Wednesday, August 26, 2015
Wednesday Regency: French Revolution-Declaration of the Rights of Man and of the Citizen
Approved by the National Assembly of France, August 26, 1789 and written by The Marquis de Lafayette, with help from his friend and neighbor, American envoy to France, Thomas Jefferson.
About 6 weeks after the Storming of the Bastille, The National Assembly of France passed their own Declaration.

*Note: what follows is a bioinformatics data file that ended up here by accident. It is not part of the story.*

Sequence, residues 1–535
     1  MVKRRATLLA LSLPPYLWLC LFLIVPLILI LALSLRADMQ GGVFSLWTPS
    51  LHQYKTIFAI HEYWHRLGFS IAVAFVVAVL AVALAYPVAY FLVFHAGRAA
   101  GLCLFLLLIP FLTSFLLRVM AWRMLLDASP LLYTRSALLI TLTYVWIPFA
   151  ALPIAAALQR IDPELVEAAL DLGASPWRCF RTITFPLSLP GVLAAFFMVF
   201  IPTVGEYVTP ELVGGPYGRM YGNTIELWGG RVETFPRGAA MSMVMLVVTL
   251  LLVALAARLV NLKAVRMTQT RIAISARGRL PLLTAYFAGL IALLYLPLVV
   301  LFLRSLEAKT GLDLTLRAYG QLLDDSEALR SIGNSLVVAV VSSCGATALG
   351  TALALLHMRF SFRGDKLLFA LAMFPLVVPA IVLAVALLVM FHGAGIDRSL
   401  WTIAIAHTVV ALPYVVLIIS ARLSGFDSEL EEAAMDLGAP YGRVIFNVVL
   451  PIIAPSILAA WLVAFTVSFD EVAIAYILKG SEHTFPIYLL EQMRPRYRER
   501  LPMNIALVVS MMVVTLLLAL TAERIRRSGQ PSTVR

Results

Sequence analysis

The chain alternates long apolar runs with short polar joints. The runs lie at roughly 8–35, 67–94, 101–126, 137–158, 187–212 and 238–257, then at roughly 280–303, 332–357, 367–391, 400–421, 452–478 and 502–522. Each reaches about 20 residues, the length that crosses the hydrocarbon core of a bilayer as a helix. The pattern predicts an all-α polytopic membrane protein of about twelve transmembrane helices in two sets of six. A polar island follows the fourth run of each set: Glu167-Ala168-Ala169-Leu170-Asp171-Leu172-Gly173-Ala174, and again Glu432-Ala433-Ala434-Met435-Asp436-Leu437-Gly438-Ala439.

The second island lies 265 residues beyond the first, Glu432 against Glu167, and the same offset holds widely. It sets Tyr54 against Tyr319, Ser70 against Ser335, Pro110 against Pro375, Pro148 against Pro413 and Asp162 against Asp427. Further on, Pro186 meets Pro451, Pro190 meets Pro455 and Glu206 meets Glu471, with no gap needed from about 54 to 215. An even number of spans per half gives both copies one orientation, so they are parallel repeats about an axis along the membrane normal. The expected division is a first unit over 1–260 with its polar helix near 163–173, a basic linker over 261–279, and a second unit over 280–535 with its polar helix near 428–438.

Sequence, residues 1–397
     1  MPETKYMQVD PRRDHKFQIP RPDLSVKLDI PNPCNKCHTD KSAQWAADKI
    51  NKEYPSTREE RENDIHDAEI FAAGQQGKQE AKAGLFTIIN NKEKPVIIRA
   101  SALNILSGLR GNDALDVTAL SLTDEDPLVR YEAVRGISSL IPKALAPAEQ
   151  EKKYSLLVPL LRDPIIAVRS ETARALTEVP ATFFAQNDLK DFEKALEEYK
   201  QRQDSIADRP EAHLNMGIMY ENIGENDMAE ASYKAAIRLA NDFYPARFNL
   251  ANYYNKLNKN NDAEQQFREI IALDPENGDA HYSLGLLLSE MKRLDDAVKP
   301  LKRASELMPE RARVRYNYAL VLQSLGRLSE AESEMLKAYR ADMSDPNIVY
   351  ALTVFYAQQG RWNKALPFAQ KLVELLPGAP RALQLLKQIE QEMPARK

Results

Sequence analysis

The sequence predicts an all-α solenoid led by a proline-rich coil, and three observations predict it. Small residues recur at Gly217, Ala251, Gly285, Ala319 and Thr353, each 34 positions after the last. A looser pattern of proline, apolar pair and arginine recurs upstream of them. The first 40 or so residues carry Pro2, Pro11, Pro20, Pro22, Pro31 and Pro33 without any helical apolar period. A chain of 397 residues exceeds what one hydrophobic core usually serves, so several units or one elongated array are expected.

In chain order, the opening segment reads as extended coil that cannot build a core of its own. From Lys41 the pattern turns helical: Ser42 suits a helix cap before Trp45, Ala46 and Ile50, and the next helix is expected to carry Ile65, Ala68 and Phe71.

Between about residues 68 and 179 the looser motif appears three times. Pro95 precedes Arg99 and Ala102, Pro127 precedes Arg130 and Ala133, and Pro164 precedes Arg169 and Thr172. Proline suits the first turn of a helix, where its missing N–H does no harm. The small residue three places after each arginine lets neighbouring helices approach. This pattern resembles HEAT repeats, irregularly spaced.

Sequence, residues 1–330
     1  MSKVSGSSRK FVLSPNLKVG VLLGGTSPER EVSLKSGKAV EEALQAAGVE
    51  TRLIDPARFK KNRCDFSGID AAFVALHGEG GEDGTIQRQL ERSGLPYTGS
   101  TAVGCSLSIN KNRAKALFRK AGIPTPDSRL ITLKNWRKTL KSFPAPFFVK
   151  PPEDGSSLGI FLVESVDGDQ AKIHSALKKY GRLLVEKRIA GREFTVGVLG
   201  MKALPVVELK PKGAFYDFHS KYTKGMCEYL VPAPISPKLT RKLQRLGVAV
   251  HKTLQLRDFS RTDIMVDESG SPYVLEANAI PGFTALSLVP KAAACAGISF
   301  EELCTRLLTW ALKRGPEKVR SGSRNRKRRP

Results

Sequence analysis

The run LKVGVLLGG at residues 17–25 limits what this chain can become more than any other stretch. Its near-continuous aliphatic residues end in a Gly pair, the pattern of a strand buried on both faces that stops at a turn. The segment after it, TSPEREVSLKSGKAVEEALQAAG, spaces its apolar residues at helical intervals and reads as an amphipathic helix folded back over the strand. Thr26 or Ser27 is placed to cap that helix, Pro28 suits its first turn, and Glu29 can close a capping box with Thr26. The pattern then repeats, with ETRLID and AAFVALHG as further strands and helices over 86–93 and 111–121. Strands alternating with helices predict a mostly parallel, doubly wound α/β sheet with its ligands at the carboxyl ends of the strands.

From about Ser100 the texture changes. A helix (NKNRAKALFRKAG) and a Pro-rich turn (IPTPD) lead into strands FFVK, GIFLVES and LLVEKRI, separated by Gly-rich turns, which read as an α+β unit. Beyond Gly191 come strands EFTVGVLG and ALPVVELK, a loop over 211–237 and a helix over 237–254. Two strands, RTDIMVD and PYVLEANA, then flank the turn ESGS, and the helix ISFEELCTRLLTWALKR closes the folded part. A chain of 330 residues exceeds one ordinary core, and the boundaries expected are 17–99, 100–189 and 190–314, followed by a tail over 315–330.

The representatives of the French people, organized as a National Assembly, believing that the ignorance, neglect, or contempt of the rights of man are the sole cause of public calamities and of the corruption of governments, have determined to set forth in a solemn declaration the natural, unalienable, and sacred rights of man, in order that this declaration, being constantly before all the members of the Social body, shall remind them continually of their rights and duties; in order that the acts of the legislative power, as well as those of the executive power, may be compared at any moment with the objects and purposes of all political institutions and may thus be more respected, and, lastly, in order that the grievances of the citizens, based hereafter upon simple and incontestable principles, shall tend to the maintenance of the constitution and redound to the happiness of all.